No Expense Spared

Richard Stirling
Jermyn Street Theatre
(2010)

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This new, short comedy could not be more topical: an election has resulted in a coalition. Timid and tidy MP Antony (Joe McGann, of the McGann brothers' acting dynasty) finds himself a newly elected minister and host of a small dinner party to celebrate his triumph.

The plot revolves around a receipt with a mysterious name on it, causing worry to Antony's acerbic, ethereally beautiful wife Beatrice (Lysette Anthony) and to Roger (Neil Ditt), in a spot-on turn as the MP's fretfully flustered assistant, whose job it is to keep papers in order.

The sterling cast is generally known to TV, stage and screen: joining the above-mentioned are Susan Kyd as Rosalind, Bea's best/worst friend; Joanna McCallum as over-bearing battleaxe Lady June; and - in the performance of the evening for me - Lisa Armytage as Barrett, housekeeper and harbinger of secrets.

Writer Richard Stirling is also an actor and this comes across in the lines he gives to performers who, under the direction of James Robert Carson, know their craft inside out as individuals and as an ensemble. The result is 90 minutes of clever repartee and crisp one-liners. Particularly enjoyable is the love-hate sparring between Bea and Ros, whose reciprocal barbs hit their targets in a way that women will understand.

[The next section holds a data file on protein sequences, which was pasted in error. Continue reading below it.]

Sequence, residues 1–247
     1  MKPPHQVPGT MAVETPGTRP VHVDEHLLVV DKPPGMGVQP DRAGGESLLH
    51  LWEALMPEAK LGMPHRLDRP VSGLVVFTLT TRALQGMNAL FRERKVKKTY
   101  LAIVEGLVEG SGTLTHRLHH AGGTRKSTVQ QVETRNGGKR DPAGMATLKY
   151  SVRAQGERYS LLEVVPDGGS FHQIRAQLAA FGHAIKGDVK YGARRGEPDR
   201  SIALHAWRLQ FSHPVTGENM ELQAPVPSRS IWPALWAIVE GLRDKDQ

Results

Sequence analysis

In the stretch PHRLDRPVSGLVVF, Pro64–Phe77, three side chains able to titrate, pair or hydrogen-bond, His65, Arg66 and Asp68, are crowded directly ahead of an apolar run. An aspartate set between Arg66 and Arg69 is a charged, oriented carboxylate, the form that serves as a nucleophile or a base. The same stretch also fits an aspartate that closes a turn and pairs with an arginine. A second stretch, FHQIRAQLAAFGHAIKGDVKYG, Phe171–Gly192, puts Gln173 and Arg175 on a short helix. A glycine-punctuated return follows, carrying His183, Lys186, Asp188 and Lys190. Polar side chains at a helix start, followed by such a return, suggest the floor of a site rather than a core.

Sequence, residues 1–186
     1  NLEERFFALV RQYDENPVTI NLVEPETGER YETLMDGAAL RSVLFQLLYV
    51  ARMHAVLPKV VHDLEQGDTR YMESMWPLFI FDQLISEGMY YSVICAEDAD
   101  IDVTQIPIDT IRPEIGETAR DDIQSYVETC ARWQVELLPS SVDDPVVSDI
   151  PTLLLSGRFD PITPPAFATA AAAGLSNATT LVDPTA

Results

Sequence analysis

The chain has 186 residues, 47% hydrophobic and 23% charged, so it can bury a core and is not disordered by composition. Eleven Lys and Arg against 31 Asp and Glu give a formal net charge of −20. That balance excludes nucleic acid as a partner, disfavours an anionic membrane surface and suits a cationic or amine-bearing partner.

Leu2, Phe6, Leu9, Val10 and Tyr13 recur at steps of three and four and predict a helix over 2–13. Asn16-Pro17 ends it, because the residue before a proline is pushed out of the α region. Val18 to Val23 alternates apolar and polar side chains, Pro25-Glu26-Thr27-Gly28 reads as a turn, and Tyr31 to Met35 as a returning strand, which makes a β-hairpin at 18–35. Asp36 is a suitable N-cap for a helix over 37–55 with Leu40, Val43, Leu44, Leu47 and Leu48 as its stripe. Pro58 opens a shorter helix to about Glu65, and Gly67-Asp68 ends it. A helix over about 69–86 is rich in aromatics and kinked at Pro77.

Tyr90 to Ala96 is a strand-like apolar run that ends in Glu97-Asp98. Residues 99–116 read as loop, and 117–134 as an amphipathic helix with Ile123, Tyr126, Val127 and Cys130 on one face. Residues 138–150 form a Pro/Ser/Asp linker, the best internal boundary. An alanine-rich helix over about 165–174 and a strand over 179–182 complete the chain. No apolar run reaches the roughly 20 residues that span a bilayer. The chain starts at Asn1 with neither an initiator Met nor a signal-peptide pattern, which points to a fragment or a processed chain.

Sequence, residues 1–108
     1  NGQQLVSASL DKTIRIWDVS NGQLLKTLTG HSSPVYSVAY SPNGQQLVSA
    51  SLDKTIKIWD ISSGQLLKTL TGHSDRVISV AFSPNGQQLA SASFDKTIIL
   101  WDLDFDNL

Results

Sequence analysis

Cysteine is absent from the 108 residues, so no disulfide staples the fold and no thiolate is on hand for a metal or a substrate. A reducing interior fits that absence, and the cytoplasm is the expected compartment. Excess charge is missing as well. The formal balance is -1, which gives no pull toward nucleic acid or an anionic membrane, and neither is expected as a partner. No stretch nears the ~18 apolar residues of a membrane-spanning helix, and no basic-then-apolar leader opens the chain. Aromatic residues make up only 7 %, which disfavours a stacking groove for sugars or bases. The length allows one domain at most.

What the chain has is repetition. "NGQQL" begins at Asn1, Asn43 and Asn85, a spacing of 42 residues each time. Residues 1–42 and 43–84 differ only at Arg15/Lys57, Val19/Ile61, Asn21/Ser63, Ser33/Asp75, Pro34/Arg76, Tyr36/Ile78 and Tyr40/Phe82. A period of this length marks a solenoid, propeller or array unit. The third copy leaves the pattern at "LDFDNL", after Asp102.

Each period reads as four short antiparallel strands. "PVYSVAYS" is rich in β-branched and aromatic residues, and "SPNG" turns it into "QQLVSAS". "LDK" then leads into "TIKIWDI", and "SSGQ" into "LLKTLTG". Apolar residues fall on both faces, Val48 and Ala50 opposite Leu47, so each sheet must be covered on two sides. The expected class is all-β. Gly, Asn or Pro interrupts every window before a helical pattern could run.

The play's tagline is 'a new comedy of old habits' and there is an old-fashioned feel to proceedings, as in 'Barrett' being addressed by her surname: but, perhaps this still happens in the political world. Nevertheless, a sense of belatedness is a charming element to what is a quintessentially English farce that is very funny but also touches on the lost dreams that touch us all.

The tiny, air-conditioned Jermyn Street theatre is an oasis of calm amid the never-ending building works blighting Piccadilly; and, like Pimm's and lemonade on a summer evening, this production will go down a treat.

Running to Saturday 26 June

Reviewer: Anita-Marguerite Butler